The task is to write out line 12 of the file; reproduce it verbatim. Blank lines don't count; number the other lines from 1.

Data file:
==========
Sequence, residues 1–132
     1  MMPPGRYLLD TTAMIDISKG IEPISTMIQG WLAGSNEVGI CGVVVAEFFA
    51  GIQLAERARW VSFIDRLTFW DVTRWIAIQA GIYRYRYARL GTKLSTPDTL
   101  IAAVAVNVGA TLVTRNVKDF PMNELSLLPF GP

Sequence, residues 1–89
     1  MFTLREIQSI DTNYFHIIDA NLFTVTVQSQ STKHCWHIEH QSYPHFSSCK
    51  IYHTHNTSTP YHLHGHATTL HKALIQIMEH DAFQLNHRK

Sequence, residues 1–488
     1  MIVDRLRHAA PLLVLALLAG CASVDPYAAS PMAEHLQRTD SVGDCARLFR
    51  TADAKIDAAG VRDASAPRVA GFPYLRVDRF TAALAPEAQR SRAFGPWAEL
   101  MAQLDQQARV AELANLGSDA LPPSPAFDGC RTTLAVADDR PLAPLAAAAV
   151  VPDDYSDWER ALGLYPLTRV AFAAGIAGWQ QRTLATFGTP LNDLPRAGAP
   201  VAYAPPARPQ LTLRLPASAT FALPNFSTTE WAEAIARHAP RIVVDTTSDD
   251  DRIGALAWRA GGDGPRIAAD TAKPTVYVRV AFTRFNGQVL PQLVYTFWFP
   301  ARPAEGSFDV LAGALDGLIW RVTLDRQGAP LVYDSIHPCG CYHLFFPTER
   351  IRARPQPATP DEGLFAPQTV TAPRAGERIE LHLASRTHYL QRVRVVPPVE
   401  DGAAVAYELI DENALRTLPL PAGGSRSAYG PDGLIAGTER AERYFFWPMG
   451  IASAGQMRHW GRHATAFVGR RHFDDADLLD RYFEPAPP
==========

   151  VPDDYSDWER ALGLYPLTRV AFAAGIAGWQ QRTLATFGTP LNDLPRAGAP